Thirsty hashers come in all speeds, from walkers to ultra-fast front-running b**tards (FRBs). A hash is a social run, and the goal of the hare and trailmaster is to ensure all runners enjoy themselves, can follow the trail, and finish at generally the same time. These hints may help to achieve this.
If you are the hare:
DO measure your trail, either using an online tool such as MapMyRun or with a runner's tool such as a GPS watch or iPhone app. Set a trail that the slowest runner can reasonably finish in one hour. This means a maximum of about 7km excluding on-backs. Adding an FRB loop can take it to 8km or slightly over.
REMEMBER that the purpose of on-backs and checks is to keep the pack together by giving the FRBs a reason to burn off extra energy. So set plenty, and don't be afraid to put a bit of distance into them.
DO give the FRBs some extra running by adding on a clearly marked section of trail that takes them the long way round. This doesn't need on-backs or checks if you don't want them.
AVOID long uninterrupted stretches of road that stretch out the pack. Make your trail twisty and break it up with checks and on-backs.
DO keep the pack together by putting checks at the tops of hills and staircases, where the pack can spread out.
DO include a drink stop if you can, preferably 70-80% of the way round the trail. This bunches the runners together close to the finish.
CONSIDER the sparing use of Regroup (RG) points, which require runners to hold up until the pack is back together.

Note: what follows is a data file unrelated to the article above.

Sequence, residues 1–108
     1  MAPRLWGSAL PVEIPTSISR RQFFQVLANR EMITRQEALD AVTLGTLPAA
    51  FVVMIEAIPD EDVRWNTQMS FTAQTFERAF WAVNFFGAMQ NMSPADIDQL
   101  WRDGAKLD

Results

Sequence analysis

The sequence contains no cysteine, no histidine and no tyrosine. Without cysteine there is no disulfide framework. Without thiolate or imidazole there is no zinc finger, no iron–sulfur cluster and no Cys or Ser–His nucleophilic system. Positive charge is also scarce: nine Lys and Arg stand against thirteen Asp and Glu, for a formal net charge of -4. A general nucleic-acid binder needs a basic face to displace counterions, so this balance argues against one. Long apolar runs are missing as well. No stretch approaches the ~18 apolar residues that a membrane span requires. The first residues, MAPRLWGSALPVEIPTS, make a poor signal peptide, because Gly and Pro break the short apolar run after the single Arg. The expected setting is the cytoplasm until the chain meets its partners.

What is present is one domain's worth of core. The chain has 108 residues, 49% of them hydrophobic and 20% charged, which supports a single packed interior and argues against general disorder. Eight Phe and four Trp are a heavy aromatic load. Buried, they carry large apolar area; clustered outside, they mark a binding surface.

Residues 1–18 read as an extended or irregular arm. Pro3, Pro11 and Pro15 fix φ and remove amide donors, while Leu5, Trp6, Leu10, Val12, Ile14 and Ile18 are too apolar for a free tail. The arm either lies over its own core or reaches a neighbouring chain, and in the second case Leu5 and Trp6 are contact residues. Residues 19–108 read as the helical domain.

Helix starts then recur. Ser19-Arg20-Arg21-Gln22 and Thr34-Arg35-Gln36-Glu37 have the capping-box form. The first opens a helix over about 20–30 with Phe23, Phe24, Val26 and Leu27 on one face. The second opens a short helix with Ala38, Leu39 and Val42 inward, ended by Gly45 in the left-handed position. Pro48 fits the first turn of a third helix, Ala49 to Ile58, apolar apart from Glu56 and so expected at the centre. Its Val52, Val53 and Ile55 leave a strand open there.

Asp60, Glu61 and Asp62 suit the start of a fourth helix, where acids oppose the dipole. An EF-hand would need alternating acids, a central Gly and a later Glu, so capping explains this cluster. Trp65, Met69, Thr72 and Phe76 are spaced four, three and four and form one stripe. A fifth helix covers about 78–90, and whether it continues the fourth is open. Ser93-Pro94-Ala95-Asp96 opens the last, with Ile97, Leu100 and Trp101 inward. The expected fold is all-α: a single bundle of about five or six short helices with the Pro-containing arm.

DON'T trailmaster your own trail unless you are happy running in the middle of the pack and helping other hashers. If you know the way you tend to run faster and give away the direction at checks—which is NOT what you're trying to achieve! Either enjoy a rest in the circle, set up a halfway bucket, or enjoy a lazy victory lap while chatting to other hashers.
If you are an FRB:
DON'T hide at on-backs to draw in the entire pack. The purpose of an on-back is to bring the pack together on trail, not down a blind alley. If you find an on-back, turn around and head back to the trail.
DO chat to other hashers. It is a social event and not a solitary pursuit.
DO check the checks. If you get there first, checking trail is your job.
DO make a noise. "On on!" is the call, loud and frequent.
DO arm yourself with a piece of chalk from the trailmaster. You can mark off checks if you get there first, which means less work for those behind you.
DO linger at the half-way bucket: it is both an excuse for a drink and a way of getting the pack together before the last push for home.
RUN to the start of the hash if you regard Thursday as a training day. DON'T regard the trail itself as part of your training.
If you are trailmaster:
DO give a piece of chalk or some flour to an FRB. That allows them to mark off checks and on-backs if the pack becomes stretched out.
POSITION yourself in the middle of the pack. You want to be advanced enough to help with genuine difficulties in finding trail, but you should not be involved in the FRB pursuit.
MARK trail clearly as you go round. This probably means drawing extra trail if arrows are hard to find, in addition to marking off checks and on-backs. Somebody starting ten minutes after you should be able to run round the trail without having to do any searching.
LOOK for ways to help any runners who are struggling by suggesting short-cuts and warning of long diversions. Your job is to get everyone home safe and together.
DON'T give clues at checks unless the trail really has gone cold or the entire pack is back together and shivering.
ENJOY yourself: you don't have to hang at the back. Some trailmasters run all over the place, from the back of the pack to the front, to keep themselves entertained. The most effective trailmaster pops up all over the trail.